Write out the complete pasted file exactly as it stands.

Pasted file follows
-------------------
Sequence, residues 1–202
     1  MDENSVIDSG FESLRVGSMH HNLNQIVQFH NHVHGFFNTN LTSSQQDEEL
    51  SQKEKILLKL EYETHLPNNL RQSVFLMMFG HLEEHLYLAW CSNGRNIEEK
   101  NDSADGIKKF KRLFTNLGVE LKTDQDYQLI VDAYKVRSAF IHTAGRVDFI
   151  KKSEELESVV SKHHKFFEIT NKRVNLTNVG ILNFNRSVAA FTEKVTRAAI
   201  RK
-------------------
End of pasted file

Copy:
Sequence, residues 1–202
     1  MDENSVIDSG FESLRVGSMH HNLNQIVQFH NHVHGFFNTN LTSSQQDEEL
    51  SQKEKILLKL EYETHLPNNL RQSVFLMMFG HLEEHLYLAW CSNGRNIEEK
   101  NDSADGIKKF KRLFTNLGVE LKTDQDYQLI VDAYKVRSAF IHTAGRVDFI
   151  KKSEELESVV SKHHKFFEIT NKRVNLTNVG ILNFNRSVAA FTEKVTRAAI
   201  RK